Georgia Charter Schools Association

Update on Government Shutdown for Charter Schools

As we enter the second week of the federal government shutdown, there does not appear to be a path forward for a quick resolution. Unfortunately, the stakes only get higher over the next 10 days; in addition to resolving FY2014 funding issues, Congress must also act to increase the nation’s debt ceiling by mid-October.

While there should be minimal impact at the school or school district level at this stage, this memo from the Penn Hill Group [ ] provides a comprehensive outline of the impact of the shutdown on U.S. Department of Education programs. Key highlights from the memo include:

*Elementary and Secondary Formula Programs*
Title I, IDEA Part B, and other formula programs are forward-funded (meaning the funding for a fiscal year is provided to states in July). Therefore school districts are not expected to encounter issues drawing down these funds. In addition, the Department of Education’s contingency plan made clear that funding available to states for these programs in October will be allocated as originally planned.

There are several programs that are funded on a “current-year” basis and could be affected if the shutdown becomes prolonged. One such program is Impact Aid, which assists schools whose location on land owned or taxed by the federal government impacts its revenue. Many schools on Indian reservations are aided by this program and could face funding issues if the shutdown last more than a couple of weeks.

*Competitive Grant programs*
Many federal grant program awards are made in the spring, so a government shutdown of a few weeks is unlikely to have significant consequences. However, a lengthier shutdown could cause delays in grant-making, especially for Race to the Top, Investing in Innovation and Promise Neighborhoods.

*Title I Funds for Expanding Charter Schools*
*Some good news for charter schools from the U.S. Department of Education!*
On September 23, 2013, the U.S. Department of Education released new guidance [ School Allocation Hold-Harmless  Requirements.pdf ] that will help to ensure that new or significantly expanding charter schools will receive Title I funding in a timely manner, and at a level that reflects their current student population.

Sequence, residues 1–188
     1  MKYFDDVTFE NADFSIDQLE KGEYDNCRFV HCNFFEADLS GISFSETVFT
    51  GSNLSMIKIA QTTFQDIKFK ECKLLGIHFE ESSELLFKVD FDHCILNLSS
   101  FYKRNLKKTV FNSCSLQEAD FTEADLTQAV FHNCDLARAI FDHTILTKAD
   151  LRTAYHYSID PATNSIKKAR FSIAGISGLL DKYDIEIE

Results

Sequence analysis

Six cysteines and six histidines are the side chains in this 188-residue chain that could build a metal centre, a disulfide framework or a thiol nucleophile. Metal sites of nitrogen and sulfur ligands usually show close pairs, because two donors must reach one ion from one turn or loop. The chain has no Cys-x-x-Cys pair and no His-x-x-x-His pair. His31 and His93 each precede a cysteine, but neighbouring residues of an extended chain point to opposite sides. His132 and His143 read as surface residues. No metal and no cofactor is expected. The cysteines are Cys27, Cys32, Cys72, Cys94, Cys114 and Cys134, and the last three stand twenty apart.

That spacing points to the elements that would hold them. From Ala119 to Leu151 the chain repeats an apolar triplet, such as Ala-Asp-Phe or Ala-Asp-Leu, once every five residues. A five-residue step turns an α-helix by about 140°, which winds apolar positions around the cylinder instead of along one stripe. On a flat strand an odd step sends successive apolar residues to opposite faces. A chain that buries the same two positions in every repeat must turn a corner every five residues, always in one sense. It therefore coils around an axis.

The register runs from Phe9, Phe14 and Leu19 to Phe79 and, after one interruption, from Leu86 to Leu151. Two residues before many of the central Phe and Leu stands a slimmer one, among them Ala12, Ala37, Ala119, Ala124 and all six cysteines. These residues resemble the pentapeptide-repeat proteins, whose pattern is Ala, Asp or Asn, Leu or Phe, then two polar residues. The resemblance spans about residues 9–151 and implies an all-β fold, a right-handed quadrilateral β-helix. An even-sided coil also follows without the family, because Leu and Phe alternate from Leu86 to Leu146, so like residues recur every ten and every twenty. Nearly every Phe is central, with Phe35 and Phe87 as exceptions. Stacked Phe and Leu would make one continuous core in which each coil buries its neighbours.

*Brief Background*
“Hold-harmless” provisions in the Title I program are intended to protect the allocations of a local educational agency (LEA) from varying too much from the prior year’s funding. Recent funding reductions to Title I have made it more complicated to meet these hold harmless provisions. This caused concern amongst some in the charter school community that states would run out of Title I funds before they were able to meet their obligations to adjust funding mid-year for new or expanding charter schools.

*What did the U.S. Department of Education decide? *
The Department’s new guidance, in effect, requires state education agencies (SEAs) to ensure that new or significantly expanding charter schools receive the funds for which they are eligible during the first five months of their school year, as required by the federal Charter Schools Program (Section 5206 of ESEA), while at the same time meeting the requirements for allocating Title I funds. Specifically, the guidance details how SEAs should calculate their hold-harmless allocations to LEAs to ensure enough money remains available for new and expanding charters.

*CONNECT Ed: E-Rate Reform & Charter Schools*
In 1996, the E-rate program was established to provide discounted internet connectivity to our nation’s schools and libraries. This summer, the Obama Administration rolled out a new initiative, CONNECTEd [ ], to modernize and reform the E-rate, and the Federal Communications Commission (FCC) initiated a formal public comment period.